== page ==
I’ve been banned by Gwen Stefani.
I’m not surprised. We have a history. Plus there’s the matter of a certain outraged column I wrote in December, just days before her rather lousy second solo album dropped.
But to explain how that happened, I need to take you behind the curtain of my job—and lead up to the Gwen saga with a similarly revealing story.
It’s called “How We Didn’t Shoot the Killers at Staples.” Perhaps you noticed the note attached to the 6-month-old photo that ran with last week’s review of that gig: “The group did not permit the Register to photograph its show Monday night.”
That’s not entirely true: The group’s people did not permit us to shoot, though I suspect the band had a say in the decision.
Here’s how this usually goes, for Gwen or the Killers or anyone: I ask publicists if we’re able to set up tickets and a photo pass to review a show. They say, “Sure” or “It’s tight, but we’ll get you in, don’t worry.”
I cannot emphasize this enough: There is no quid pro quo regarding this practice. Publicists are fools to think they will receive anything but coverage. Honest, quality coverage, I like to believe, but coverage whose scope and shape we alone determine.
Yet we must acquire credentials to properly cover such events—to report on them with no concern for the fallout that the facts or informed opinions we publish might bring. Sportswriters sit in press boxes; rock critics do this mechanical “can we set up tickets?” dance with publicists.
All we ask is access, and from people who 99 times out of 100 invite any sort of coverage. There is a kernel of truth to that old cliche: “There’s no such thing as bad publicity.” I’ve slammed Good Charlotte and Avril Lavigne countless times in the past five years, and Celine Dion and Kenny G twice as much before that.
Think it ever made a dent in their reputations? Nope.
That much of this routine you may have imagined. But then there are twists like the Killers situation—when we’re told the band wants to “try something different,” allow only a handpicked photographer to shoot, then supply the media with preapproved photos.
On one hand that doesn’t bother me. After all, we run publicity stills accompanying new albums all the time.
What’s different about a live event is just that—it’s a live event. What if during the first few songs—when photographers are allowed to shoot—Brandon Flowers decided to moon the crowd or bash a heckler with his microphone stand? Would the band-approved photographer be sure to give us shots of that and not just pics that make Brandon look fantastic? Probably not.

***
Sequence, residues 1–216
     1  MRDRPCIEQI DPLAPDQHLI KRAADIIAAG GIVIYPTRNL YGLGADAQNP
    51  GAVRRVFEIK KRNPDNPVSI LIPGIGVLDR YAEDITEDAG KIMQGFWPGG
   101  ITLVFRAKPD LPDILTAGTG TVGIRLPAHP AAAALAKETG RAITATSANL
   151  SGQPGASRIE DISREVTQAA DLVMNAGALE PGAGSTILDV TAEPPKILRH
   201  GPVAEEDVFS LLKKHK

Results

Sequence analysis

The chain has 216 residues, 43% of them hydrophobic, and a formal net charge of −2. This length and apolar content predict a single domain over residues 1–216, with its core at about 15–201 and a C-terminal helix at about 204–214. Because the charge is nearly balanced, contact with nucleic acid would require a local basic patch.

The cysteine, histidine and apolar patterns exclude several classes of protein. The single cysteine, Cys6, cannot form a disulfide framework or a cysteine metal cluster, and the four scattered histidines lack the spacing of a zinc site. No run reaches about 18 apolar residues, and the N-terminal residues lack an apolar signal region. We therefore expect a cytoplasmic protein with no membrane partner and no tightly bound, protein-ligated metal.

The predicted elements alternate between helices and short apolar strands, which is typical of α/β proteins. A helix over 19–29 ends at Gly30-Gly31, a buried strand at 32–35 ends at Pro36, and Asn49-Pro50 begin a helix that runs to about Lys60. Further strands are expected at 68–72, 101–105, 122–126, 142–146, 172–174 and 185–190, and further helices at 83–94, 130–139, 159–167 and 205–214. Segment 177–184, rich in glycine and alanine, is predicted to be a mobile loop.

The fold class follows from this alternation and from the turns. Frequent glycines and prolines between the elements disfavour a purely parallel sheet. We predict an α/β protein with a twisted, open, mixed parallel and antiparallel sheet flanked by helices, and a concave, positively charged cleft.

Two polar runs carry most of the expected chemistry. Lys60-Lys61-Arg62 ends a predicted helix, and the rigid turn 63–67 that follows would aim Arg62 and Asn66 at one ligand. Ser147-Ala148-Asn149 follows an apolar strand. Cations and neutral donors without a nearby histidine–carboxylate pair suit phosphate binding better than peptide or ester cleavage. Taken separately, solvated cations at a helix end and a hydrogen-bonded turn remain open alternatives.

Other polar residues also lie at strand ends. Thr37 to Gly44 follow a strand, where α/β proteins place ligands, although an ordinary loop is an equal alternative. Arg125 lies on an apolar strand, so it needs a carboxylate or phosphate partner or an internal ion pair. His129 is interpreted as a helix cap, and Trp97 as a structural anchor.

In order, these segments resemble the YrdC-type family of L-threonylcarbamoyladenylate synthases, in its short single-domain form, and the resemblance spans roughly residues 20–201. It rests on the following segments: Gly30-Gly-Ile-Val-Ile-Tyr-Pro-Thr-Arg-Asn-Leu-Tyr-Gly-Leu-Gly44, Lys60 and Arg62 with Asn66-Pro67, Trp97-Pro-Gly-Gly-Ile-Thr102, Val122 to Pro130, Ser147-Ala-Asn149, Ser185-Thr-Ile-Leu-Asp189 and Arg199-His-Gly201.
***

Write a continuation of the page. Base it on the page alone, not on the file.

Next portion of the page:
These are the things that you don’t realize go on.
Like getting banned by Gwen Stefani.
I found out I was on her enemies list a few weeks ago, when I tried to set up credentials for a free-lance writer to cover her show last weekend at Coors Amphitheatre in Chula Vista, Calif.
“There are hard feelings,” wrote back Stefani’s typically friendly publicist. “If you can find your way in, then you can do what you’d like. But unfortunately, we will not help you.”
They will not issue any credentials—not for her gig at Gibson Amphitheatre this week, nor either of her two dates at Irvine’s Verizon Wireless Amphitheater in June.
“Me specifically or the Register in general?” I asked.
“But why?” you’re no doubt wondering. “What did you ever do to Gwen?”
All along we’ve had a love-hate critic-superstar relationship. Right around the time I started writing for the Register, my fellow Orange County natives in No Doubt began their ascent from well-liked local club rats to omnipresent, Grammy-winning hit-makers. It’s been my duty to report about and weigh in on their comings and goings ever since.
Their professional comings and goings, that is. I’ve been to Tony Kanal’s house in Hollywood, to interview him and Gwen just before “Rock Steady” came out. But they didn’t know me from Adam. At best a family member might have piped up before or after the chat: “Oh, he’s that crank who hates `Tragic Kingdom’ and trashed your Pond show.”
Actually, I don’t hate “Tragic Kingdom”—I always liked “Sunday Morning,” and “Don’t Speak” grew on me. But I did take Gwen and the gang to task in the late `90s for pandering to the lowest common denominator once they made it big.
The day that Pond review ran I watched them perform a free show at Cal State Fullerton. When it was over, while milling about looking for a quote, I stupidly approached KROQ’s Kevin & Bean—who, upon realizing who I was, hustled me over to face drummer Adrian Young.